This article translates the blog basically to improve English writing skills.

DiskANN series include DiskANN, FreshDiskANN, and Filtered-DiskANN, which solve several real-world scenarios, including handling billions of vectors on a single machine, real-time updates, and query filtering. We will analyze the implementation principles of these one by one. I am interested in DiskANN and Filtered-DIskANN and will briefly introduce these two papers.

# DiskANN

Compared to HNSW, DiskANN can provide solutions for data on disk, which is demanded by the increasingly large scale of vector data. Obviously, a singleton service is easier to implement than a distributed solution.

The search in Graph usually uses the greedy algorithm, which adds the unvisited nearest node’s neighbors from the candidate list(initialized with a node s) to the candidate list and repeats the process until no nodes will be processed. Finally, it returns the top-k **approximately** nearest nodes. Here is the pseudocode:

But here are some issues:

- A lot of Neighbors should be reduced!
- Near nodes but far from other nearby nodes will not be returned.

The issues above point to the construction of the graph to apply the greedy search. “Sparse Neighborhood Graph”(SNG) proposes an ideal state that any selection will lead to the nearest node:

- For all node p in a visited set P that GreedySearch returned and initialize a set S $\leftarrow$ P \ {p}
- While S is not empty
- find the nearest $p^* \in S$ for p and add p* as a neighbor of p
- Delete all node p’ which satisfies the condition $||p^* - p’|| < ||p-p’||$

- end while

- While S is not empty
- end for

SNG is an excellent way to satisfy the convergence property of “greedy search”, but is not the fastest way to convergence. Assuming all nodes are in a straight line, the greedy search algorithm will search all nodes and cost tens of ms(single ssd read latency is 100us, for hundreds of reads) and real-world demands for ms-level latency.

So, in the second phase, we need to speed up the “nearest neighbor” processing. DiskANN adds some long connections in the graph, which modifies the RobustPrune algorithm by a multiplier factor $\alpha(\alpha > 1)$. Here is the pseudocode.

Finally, DiskANN proposes a two-phase construction of a graph for greedy search. Here is the conclusion:

- Initialize a graph with each node of random R neighbors.
- Apply GreedySearch(s, p, 1, L) for each node p, then the RobustPrune(p, V, $\alpha$, R), then connect (p’, p) which $p’ \in N_{out}(p)$. if $|N_{out}(p’)| > R$, fix the graph by RobustPrune(p’, $N_{out}(p’), \alpha$, R).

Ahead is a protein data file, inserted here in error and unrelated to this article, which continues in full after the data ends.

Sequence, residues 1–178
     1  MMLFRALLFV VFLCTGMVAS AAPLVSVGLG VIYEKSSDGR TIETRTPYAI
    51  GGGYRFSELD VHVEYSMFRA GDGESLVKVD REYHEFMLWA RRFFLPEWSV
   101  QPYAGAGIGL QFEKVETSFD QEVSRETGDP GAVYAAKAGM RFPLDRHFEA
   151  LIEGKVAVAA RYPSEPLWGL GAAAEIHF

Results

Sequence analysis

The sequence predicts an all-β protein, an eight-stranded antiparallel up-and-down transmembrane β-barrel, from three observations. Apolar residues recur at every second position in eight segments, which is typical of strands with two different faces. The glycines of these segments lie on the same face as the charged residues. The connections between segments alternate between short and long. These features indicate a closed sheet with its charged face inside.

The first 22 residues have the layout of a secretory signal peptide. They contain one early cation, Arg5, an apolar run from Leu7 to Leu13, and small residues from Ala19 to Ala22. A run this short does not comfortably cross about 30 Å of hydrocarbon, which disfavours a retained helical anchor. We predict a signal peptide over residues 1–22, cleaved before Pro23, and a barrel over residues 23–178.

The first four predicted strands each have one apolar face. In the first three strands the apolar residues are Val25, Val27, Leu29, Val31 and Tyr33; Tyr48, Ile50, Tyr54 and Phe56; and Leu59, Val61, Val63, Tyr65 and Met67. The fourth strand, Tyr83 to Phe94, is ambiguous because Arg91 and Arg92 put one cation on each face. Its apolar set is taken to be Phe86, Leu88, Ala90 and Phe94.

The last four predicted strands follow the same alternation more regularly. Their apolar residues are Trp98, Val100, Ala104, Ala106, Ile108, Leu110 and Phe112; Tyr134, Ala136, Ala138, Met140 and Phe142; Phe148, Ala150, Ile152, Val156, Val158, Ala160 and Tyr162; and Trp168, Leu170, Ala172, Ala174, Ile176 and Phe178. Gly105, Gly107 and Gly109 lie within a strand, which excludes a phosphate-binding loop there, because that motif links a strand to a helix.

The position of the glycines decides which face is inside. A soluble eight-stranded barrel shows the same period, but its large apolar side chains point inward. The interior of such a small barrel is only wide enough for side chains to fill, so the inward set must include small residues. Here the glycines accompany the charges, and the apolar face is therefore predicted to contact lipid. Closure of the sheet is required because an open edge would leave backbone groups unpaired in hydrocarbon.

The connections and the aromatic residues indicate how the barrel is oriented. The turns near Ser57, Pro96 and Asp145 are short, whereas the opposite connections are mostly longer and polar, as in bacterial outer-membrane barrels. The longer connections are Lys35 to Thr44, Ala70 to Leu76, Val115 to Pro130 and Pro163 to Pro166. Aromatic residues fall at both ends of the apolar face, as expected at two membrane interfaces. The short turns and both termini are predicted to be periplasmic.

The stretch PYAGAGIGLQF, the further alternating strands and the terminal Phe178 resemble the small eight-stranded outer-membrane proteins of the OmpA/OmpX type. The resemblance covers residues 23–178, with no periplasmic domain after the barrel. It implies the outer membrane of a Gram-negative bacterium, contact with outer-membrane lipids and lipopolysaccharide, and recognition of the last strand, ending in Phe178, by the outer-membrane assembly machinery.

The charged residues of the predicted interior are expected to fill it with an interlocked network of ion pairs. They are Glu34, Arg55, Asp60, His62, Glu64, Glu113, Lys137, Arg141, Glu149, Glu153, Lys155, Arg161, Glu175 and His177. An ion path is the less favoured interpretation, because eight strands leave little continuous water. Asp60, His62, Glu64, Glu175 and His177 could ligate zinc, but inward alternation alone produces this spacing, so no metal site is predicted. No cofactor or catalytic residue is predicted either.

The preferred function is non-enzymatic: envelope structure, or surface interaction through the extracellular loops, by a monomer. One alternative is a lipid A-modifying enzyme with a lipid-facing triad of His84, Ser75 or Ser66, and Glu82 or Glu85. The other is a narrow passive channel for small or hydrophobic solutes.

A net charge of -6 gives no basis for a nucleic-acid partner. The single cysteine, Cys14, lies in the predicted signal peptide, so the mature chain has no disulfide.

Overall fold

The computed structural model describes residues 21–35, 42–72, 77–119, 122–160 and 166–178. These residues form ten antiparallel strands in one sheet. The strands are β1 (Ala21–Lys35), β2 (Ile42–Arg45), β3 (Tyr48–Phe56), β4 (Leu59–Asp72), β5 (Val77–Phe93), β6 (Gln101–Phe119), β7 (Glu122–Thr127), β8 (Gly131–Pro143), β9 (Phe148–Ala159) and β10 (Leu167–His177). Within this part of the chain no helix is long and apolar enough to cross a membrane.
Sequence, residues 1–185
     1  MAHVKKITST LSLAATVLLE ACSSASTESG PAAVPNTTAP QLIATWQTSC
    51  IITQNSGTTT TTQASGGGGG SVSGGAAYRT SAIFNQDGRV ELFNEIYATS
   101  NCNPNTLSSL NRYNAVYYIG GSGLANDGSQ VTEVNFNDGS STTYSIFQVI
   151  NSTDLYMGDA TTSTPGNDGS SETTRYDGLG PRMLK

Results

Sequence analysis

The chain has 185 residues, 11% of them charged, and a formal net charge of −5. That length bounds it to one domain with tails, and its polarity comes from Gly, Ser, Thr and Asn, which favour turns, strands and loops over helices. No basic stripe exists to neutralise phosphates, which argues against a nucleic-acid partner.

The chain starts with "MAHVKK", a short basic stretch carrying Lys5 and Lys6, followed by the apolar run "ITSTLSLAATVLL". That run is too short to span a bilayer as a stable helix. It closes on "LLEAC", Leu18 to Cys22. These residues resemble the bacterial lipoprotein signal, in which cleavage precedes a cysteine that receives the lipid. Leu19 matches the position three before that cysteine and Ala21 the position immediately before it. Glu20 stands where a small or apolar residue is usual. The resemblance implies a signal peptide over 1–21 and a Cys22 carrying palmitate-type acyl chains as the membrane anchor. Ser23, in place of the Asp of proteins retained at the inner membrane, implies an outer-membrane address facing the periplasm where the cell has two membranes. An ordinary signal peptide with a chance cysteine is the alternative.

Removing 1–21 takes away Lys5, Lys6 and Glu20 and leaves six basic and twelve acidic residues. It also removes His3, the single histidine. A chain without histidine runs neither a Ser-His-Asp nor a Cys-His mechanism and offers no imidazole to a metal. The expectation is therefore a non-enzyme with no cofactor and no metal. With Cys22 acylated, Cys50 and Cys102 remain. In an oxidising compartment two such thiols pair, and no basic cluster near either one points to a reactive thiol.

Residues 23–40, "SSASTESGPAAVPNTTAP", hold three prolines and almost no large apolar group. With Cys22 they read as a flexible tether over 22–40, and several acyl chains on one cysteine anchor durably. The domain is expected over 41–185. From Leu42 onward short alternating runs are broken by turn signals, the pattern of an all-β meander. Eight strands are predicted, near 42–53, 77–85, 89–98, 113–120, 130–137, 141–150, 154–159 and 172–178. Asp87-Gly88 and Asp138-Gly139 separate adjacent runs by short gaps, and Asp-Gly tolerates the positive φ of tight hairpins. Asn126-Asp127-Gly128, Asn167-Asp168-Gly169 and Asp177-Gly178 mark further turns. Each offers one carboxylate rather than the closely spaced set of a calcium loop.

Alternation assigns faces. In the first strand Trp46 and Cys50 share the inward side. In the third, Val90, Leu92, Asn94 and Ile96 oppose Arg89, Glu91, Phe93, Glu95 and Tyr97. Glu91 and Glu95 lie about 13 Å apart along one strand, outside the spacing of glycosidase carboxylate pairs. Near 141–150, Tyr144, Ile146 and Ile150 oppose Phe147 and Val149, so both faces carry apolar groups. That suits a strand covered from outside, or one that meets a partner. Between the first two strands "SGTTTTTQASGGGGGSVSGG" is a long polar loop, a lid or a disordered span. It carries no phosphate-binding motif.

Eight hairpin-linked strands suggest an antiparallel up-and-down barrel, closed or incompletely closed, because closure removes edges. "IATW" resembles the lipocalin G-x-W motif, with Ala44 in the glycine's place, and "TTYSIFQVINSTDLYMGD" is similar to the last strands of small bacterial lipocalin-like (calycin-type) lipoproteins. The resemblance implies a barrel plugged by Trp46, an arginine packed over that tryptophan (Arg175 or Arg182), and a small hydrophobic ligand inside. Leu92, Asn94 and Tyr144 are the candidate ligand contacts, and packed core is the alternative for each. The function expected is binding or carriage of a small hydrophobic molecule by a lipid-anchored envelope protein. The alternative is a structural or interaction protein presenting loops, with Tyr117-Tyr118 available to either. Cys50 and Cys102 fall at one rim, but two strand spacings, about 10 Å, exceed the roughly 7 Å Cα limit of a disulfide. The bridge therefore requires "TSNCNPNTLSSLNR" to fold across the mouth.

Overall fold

- Apply phase 2 twice with $\alpha = 1 \ and\ \alpha > 1$.

The algorithm is called “Vamana” and it’s just a “$\alpha$-NSG” with a random initial graph.

We can see the graphs in the second line, the algorithm with a new $\alpha$ reduce some removal of connections.

Here are some other methods in the DisANN search, which may sacrifice the accuracy to speed up the process.

- Divide the dataset into k classes by k-means and distribute each node to 2 classes. We are building Vamana for each class and merging all graphs by the out-edges into the complete graph.
- The process requires the original vector to be quantized by pq, and the quantized value should be stored in memory. The actual value will be kept in the SSD for precise calculation and rearrangement purposes. The quantized value is essential for the greedy search process, memory usage, and calculation. as it reduces m
- Each node in the SSD is a structure that contains padding-R-neighbors, enabling us to locate the appropriate position based on the ID.
- Store the entry node and its 3-4 hops of neighbors in memory to reduce SSD access.
- A beam-search strategy will be added in algorithm 1: parallel accessing multiple nodes’ neighbors to reduce SSD access.

# FilterDiskANN

FilterDiskANN supports the “OR” filter function in DiskANN.

The only difference between FilterGreedySearch and GreedySearch is that FilterGreedySearch only adds nodes with the proper filter constraints to the candidate list.

Samely, we can see that the removal of connections also considers the filter constraints: connection (a, c) can be removed only if there exists a node b, which $F_c \cap F_a \subset F_b$.

# Questions

- “How can we use the k-means algorithm to balance class sizes?”
- Initialize the graph by random r neighbors selection, which can cause extreme performance fluctuations.
- The $\alpha$ the parameter will cause the addition of both long edges and short edges: the actual performance is not under control.